10 Pulse Pulse Alternating surges of pressure (expansion then recoil) in an artery that occur with each beat of the left ventricle. Monitored at “pressure points” in arteries where pulse is easily palpated Pulse averages 70–76 beats per minute at rest

11 Pulse Figure 11.18

12 Has an artery or vein been cut? How to tell.
Blood from a vein would be darker than from an artery. If you punctured an artery or vein then the blood flow would continue until you put pressure on it to allow for the blood to clot. An arterial cut will spurt blood. Vein will just flow out.

13 Blood Pressure DEFINITION: The pressure the blood exerts against the inner blood vessel wall. Systolic pressure— pressure in the arteries at the peak of ventricular contraction Diastolic pressure— pressure in the arteries when ventricles relax

14 Measuring Arterial Blood Pressure with “Sphygomomanometer”
Name of instrument used in determining blood pressure. Figure 11.20a

15 Korotkoff Sounds - Auscultatory blood pressure measurement showing onset of Korotkoff sounds at systolic pressure, and diminishing sounds as diastolic pressure is reached. Note that last (diastolic) pulse is barely audible but clearly visible.                                                                                                                                       Sounds of Korotkoff Auscultation is the technical term for listening to the internal sounds of the body, usually using a stethoscope Are sounds caused by the resumption of blood flow into the forearm. onset of Korotkoff sounds at systolic pressure, and diminishing sounds as diastolic pressure is reached. Figure 11.20b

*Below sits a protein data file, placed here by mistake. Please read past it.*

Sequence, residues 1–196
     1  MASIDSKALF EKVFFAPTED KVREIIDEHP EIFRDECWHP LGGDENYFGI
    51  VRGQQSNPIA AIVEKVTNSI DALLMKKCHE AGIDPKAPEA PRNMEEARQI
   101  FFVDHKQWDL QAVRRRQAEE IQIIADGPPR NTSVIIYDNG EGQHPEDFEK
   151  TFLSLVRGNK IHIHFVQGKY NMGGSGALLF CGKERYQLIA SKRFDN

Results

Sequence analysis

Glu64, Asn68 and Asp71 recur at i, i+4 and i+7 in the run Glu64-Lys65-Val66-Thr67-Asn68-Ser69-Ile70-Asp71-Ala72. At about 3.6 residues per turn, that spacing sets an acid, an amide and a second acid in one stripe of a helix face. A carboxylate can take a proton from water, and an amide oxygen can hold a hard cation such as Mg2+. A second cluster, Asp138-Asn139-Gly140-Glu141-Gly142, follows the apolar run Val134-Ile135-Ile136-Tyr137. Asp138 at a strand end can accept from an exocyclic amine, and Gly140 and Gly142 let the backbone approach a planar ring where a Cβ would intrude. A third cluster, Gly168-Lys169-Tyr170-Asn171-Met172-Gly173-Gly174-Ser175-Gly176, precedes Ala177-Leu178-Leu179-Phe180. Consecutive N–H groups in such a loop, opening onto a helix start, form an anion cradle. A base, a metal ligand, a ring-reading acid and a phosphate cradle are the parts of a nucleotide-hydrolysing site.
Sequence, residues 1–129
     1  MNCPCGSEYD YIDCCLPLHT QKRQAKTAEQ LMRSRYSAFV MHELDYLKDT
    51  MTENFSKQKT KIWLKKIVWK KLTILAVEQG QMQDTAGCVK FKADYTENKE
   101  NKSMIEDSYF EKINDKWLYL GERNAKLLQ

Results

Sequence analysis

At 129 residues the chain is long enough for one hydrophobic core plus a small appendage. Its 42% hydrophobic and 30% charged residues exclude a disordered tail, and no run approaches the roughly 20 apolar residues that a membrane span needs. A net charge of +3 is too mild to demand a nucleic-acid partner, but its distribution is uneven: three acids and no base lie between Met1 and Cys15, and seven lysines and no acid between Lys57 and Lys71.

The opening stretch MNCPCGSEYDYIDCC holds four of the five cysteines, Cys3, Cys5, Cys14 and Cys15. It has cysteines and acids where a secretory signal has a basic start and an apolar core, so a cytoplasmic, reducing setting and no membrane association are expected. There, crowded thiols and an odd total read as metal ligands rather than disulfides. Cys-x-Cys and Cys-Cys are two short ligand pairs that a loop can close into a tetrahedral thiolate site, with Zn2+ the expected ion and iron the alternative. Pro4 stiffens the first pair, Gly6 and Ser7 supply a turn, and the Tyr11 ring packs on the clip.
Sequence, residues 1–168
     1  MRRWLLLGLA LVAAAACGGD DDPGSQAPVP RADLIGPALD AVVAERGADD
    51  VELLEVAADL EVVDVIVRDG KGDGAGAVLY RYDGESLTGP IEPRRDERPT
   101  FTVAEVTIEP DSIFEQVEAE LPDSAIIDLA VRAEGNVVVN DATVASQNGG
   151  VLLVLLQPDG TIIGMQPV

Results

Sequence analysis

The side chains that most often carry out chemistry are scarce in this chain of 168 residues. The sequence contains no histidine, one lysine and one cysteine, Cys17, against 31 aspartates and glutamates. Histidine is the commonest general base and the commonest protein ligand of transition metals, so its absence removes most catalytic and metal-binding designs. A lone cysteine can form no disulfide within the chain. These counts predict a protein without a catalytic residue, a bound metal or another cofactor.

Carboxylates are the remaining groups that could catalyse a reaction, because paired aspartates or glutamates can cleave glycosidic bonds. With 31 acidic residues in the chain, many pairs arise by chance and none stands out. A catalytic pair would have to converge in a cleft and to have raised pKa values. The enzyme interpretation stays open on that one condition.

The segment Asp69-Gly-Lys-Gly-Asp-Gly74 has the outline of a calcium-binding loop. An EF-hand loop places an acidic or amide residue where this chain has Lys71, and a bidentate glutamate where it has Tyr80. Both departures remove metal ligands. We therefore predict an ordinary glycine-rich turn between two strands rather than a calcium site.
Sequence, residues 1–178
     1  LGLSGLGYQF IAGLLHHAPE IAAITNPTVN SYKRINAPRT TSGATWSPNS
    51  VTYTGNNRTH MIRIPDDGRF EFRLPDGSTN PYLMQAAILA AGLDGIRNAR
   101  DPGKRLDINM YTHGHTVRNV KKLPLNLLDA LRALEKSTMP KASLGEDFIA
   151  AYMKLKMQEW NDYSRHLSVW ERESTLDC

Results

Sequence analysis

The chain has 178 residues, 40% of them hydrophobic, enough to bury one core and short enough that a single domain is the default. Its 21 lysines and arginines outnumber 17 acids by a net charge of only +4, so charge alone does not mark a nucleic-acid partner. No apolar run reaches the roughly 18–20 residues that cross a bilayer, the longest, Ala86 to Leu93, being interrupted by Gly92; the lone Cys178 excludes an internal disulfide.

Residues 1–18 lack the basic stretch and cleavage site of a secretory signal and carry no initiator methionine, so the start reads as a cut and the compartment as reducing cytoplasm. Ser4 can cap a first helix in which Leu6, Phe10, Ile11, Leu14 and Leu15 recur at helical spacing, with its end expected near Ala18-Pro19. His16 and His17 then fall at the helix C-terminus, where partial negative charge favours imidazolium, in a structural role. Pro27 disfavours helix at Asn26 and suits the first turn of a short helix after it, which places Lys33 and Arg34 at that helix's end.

16 Systolic Sound The systolic sound is caused by the blood first spurting through the constricted artery

17 The disappearance of sound
No sound because the blood flows freely because the artery is no longer compressed.

18 Blood Pressure Write systolic pressure first and diastolic last
120/80 means the “systolic pressure of 120 mm Hg and diastolic pressure is 80 mm Hg”

19 Comparison of Blood Pressures in Different Vessels
Highest Pressure Venous pressure is lower than arterial pressure Veins are farther away from ventricular ejection (blood forced out of heart) Lowest Pressure Figure 11.19

20 Effect of Various Factors on Blood Pressure and Heart Rate

21 Blood Pressure: Effects of Factors
BP is blood pressure CO is the amount of blood pumped out of the left ventricle per minute PR is peripheral resistance, or the amount of friction blood encounters as it flows through vessels BP = CO  PR Increasing CO or PR will increase BP Decreasing CO or PR will decrease heart rate

22 Causes of changes to PR BP = CO  PR Increasing PR will increase BP